In part 6 of The Book of Laughter and Forgetting, Milan Kundera states that the “entire book is a novel in the form of variations.” He also declares that “it is a novel about Tamina, and whenever Tamina is absent, it is a novel for Tamina. She is its main character and main audience, and all the other stories are variations on her story and come together in her life as in a mirror.” In this authorial digression can be seen the nexus of the book. With historical anecdotes, philosophical reflections, artistic criticism, and personal revelations, Kundera weaves his own voice and experience in and out of the stories he presents. Tamina epitomizes, perhaps, the soul in exile, besieged by forgetfulness yet unable to forge a new life in an alien environment. Kundera, on the other hand, is the successful exile, allowed to leave Czechoslovakia in 1975 for a university post in Rennes. Having settled in Paris in 1978, he survives in exile by evoking the life and spirit of his native Prague.
The Book of Laughter and Forgetting is divided into seven parts, a structure based on musical polyphony. In an interview with Philip Roth, Kundera explains his theory of novelistic unity: “The synthetic power of the novel is capable of combining everything into a unified whole like the voices of polyphonic music. The unity of a book need not stem from the plot, but can be provided by the theme. In my latest book, there are two such themes: laughter and forgetting.” Each of the seven divisions of the book is a different tale; in only two, part 4 and part 6, does Tamina appear. The other five parts are separate stories held together by the thematic variations, echoing incidents, and the omnipresent narrator.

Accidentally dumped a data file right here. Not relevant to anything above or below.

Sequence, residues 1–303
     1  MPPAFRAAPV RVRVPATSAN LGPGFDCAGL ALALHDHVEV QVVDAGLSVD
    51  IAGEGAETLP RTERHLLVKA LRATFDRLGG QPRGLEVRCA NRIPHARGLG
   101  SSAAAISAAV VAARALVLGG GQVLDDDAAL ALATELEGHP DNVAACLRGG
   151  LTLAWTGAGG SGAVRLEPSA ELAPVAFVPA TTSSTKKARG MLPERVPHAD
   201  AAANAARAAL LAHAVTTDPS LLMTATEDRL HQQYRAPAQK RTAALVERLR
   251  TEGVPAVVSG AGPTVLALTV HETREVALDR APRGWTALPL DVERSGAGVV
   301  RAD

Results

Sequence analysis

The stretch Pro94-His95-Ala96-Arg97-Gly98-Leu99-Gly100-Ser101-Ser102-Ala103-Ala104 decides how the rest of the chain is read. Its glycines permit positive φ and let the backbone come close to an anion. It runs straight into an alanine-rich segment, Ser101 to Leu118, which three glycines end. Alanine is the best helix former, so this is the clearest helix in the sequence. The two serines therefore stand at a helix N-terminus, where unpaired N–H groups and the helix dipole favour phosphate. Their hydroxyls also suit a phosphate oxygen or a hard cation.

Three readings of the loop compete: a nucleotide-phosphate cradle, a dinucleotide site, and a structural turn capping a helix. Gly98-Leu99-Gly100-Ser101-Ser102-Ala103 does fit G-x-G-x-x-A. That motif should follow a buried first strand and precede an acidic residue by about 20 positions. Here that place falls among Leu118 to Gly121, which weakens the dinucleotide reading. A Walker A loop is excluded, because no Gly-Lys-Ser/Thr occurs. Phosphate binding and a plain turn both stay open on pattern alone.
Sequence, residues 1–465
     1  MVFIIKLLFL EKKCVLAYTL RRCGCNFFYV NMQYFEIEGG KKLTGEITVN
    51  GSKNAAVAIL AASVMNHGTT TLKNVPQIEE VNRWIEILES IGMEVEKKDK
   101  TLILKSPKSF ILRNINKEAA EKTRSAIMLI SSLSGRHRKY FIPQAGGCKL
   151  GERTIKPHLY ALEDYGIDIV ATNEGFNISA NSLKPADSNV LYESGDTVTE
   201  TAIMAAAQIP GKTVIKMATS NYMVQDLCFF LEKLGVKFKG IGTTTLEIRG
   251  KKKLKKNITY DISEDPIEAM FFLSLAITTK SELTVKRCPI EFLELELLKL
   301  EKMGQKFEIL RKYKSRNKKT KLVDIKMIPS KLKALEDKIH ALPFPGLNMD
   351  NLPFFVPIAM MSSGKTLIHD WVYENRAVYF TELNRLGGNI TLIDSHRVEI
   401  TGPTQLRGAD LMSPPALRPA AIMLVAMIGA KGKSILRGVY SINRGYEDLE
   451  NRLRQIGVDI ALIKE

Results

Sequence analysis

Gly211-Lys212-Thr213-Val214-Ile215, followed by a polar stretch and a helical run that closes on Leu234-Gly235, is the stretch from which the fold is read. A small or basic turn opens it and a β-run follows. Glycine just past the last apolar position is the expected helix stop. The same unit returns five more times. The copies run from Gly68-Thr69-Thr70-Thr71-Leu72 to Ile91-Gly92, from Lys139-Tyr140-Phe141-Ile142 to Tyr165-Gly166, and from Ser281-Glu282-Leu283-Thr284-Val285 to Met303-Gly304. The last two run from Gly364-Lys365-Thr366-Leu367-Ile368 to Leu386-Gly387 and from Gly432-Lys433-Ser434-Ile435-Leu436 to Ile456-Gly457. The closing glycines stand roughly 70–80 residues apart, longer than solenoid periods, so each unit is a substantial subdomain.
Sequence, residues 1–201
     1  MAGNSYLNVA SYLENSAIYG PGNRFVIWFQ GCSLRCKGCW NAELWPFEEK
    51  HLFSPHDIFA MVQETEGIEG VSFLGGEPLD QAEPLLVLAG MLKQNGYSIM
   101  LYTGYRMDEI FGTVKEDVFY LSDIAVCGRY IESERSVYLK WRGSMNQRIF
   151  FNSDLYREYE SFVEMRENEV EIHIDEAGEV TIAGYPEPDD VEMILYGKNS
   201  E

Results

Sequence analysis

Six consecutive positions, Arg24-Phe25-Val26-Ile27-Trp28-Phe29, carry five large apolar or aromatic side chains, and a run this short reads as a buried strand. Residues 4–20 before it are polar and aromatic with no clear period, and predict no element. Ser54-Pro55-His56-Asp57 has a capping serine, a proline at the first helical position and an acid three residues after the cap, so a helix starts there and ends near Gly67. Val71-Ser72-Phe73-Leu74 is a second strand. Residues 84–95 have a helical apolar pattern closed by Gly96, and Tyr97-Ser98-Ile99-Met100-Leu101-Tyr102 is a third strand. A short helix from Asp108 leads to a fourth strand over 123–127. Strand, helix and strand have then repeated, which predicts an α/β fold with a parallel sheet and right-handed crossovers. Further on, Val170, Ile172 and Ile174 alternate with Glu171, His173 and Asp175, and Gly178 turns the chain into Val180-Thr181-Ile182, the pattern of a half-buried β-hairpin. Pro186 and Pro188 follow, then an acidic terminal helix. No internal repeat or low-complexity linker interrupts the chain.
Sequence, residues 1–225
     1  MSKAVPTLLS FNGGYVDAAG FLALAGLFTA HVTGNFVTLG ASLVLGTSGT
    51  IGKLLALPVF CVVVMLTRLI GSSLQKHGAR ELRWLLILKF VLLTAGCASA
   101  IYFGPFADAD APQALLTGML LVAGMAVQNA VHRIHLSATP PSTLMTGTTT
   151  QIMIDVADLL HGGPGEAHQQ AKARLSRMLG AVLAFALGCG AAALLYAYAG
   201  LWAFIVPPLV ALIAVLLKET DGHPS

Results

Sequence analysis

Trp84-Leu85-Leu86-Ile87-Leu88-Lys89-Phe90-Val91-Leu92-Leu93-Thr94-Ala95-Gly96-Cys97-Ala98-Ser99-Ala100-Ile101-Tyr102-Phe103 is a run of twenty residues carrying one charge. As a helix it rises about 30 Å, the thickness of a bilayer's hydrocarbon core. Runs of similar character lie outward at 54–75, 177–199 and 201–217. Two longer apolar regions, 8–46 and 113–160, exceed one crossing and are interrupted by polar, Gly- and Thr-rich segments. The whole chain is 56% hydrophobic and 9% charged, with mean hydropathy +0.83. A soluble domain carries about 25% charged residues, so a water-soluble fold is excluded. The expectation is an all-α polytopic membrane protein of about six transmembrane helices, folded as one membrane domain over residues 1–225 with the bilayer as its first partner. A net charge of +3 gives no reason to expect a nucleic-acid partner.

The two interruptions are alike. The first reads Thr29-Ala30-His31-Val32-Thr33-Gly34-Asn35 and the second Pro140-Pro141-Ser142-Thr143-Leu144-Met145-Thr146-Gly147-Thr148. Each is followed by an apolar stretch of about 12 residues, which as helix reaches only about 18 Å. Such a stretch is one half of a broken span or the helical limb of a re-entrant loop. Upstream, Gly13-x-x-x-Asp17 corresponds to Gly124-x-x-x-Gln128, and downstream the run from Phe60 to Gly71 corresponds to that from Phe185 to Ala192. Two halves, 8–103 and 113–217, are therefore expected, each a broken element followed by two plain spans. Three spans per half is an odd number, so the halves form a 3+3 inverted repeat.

Part 1, “Lost Letters,” opens with the narrator describing a famous Czech photograph of Communist leader Klement Gottwald addressing the Czech citizenry from a Prague balcony in February, 1948. In the original picture, Gottwald was flanked by his comrade, Clementis, who, moments before, had set his own hat on Gottwald’s head to protect him from the snow. Four years later, Clementis, having been accused of treason and hanged, was airbrushed out of the photograph by the propaganda section of the government. Subsequently, Gottwald has stood on the balcony alone, but Clementis’ hat remains upon his head.
This primary incident of “forgetting” in the book is accompanied by the sardonic humor implicit in Clementis’ hat. The story of part 1 concerns Mirek, a former Party member, who was active in the Prague Spring reform movement and lost his position after the Russian invasion of 1968. At the time of the story, in 1971, he is working as a laborer. Having broken his arm, he has a few weeks free from work and is determined to retrieve old love letters from his former mistress, Zdena, who has remained a loyal Party member and who has continued to love him despite their political and personal disaffiliation. Mirek wants his letters back because he is ashamed of having loved a woman as ugly as Zdena; he wants to airbrush her out of his life just as the propaganda department has removed Clementis from Czech history. Zdena refuses to return the letters. In obsessively following this mission, Mirek has neglected to destroy papers which incriminate himself and his friends. The secret police, who entered his apartment soon after he left to see Zdena, greet him on his return. Mirek, his son, and several of their friends are sentenced to prison.